Eight industrial estates and parks are in danger of being flooded, warns Industry Minister Wannarat Channukul.
They include Bang Chan and Lad Krabang in Bangkok, Bang Phli and Bang Poo in Samut Prakan, Kaeng Khoi in Saraburi, Hi-Tech in Ayutthaya, and Navanakorn and Bangkradee in Pathum Thani.
The earthen dyke of Hi-Tech Industrial Estate was leaking yesterday morning, but 150 soldiers and workers from the estate were able to keep water from entering the area.
The estate can withstand an additional rise of 50 centimetres in water levels, but the Industrial Estate Authority of Thailand (IEAT) has asked business operators to stop their operations and evacuate workers, raw materials and machinery from the area as a precaution. The water level is now 4.9 metres, a 20cm rise from two days ago.
Hi-Tech, a joint venture between the IEAT and the Thai Industrial Estate, houses 143 factories and 51,186 workers with 65.3 billion baht in investment.
The Factoryland Industrial Park, housing 99 small and medium enterprises in the electronics, plastics and metals sectors, can hold off an additional 70cm of water.
“However,” Mr Wannarat said, “the Irrigation Department has already lowered the flow of water from Pasak dam, from 750 cubic metres per second to 600, resulting in a lower amount of water flowing from Pasak to Ayutthaya, especially to the Wang Noi district.”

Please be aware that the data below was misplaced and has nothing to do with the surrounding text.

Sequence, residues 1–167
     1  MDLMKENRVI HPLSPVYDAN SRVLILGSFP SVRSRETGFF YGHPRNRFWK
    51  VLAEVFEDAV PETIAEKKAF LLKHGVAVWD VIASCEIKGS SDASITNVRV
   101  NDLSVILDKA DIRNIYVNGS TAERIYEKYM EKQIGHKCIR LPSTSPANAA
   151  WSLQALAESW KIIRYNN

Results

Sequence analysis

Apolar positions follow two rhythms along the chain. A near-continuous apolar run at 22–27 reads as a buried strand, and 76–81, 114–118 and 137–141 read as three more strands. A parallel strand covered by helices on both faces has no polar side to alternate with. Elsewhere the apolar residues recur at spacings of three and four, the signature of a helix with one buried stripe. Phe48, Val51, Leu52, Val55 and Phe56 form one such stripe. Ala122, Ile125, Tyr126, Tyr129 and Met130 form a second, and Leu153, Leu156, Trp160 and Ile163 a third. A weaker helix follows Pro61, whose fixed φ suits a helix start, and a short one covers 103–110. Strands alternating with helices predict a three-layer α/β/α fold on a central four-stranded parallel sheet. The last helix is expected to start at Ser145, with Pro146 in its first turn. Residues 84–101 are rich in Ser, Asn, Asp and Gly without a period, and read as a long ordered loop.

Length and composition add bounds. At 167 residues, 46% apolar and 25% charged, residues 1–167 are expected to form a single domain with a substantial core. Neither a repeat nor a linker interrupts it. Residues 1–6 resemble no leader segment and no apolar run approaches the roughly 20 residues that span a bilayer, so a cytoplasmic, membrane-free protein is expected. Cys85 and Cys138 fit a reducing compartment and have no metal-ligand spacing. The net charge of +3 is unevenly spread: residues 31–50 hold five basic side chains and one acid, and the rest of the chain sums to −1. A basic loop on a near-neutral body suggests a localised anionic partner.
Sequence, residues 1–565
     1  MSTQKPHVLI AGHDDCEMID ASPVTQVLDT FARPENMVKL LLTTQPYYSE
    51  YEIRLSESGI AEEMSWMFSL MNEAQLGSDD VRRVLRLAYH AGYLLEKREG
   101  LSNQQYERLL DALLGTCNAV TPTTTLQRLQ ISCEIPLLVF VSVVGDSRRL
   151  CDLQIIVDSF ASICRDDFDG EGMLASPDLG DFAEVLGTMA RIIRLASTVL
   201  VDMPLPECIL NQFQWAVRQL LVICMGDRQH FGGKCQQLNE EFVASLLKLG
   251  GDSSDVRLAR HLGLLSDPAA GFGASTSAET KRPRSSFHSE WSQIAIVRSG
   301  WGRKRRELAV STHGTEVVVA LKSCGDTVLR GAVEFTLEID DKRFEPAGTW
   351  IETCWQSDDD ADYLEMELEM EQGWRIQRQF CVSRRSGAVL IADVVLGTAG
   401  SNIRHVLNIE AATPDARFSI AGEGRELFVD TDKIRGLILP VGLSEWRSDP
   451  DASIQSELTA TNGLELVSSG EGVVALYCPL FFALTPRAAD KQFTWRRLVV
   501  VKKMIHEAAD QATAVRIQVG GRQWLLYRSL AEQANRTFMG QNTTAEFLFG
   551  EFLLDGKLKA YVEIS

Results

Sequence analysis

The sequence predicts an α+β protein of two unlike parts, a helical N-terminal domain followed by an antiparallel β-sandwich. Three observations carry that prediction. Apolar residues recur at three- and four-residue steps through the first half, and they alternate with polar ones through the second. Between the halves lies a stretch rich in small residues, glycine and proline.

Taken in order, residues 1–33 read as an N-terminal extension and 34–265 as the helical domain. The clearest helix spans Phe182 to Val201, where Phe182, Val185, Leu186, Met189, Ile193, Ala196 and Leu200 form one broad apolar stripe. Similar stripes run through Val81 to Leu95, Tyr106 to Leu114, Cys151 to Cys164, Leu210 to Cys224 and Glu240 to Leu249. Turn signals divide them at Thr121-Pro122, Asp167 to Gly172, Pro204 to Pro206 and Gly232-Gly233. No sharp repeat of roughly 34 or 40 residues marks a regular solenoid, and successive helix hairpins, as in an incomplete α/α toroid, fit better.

Nationwide, 930 factories in 27 provinces are affected by the floods, with the most damage in Ayutthaya, Lop Buri and Nakhon Sawan. Damage has been estimated at 26 billion baht, excluding Rojana Industrial Park.
“We are concerned about the Lad Krabang Industrial Estate, which could withstand another 56cm before flooding,” said the vice-minister for industry, Suparp Kleekhajai. “But the situation is not yet severe enough for us to ask them to close their factories.”
He said that Pang Pa-in, under Ch. Karnchang Plc, had plans in place including excavators, “which should make them okay”.
Pang Pa-in can withstand an additional 1.3-metres rise in water. The IEAT has asked businesses to stop operations, but some factories are carrying on anyway.
Suchada Kirakul, the Bank of Thailand deputy governor for monetary stability, said the flooding would affect manufacturing output significantly over the next few months, with rehabilitation spurring the economy in early 2012.
The government expects the disaster to cut 0.6 to 0.9 percentage points from economic growth this year, including damage to industrial estates and farmland.
Ms Suchada said the flooding impact on the economy would also reflect damage to factory machines and stockpiles.
“It remains difficult to assess the overall economic damage from the floods, as the situation has not stabilised,” she said.
“The economy will feel the impact most significantly in the fourth quarter of 2011. But we think rehabilitation after the water recedes could increase employment and economic activity in the first quarter of next year.”
Local banks are likely to restructure debt with their good borrowers to ease burdens from the floods, she added.
The central bank’s Monetary Policy Committee will meet Oct 19 to decide on the benchmark interest rate, currently 3.5%, amid general market expectation that it will be left unchanged.
Source: Bangkok Post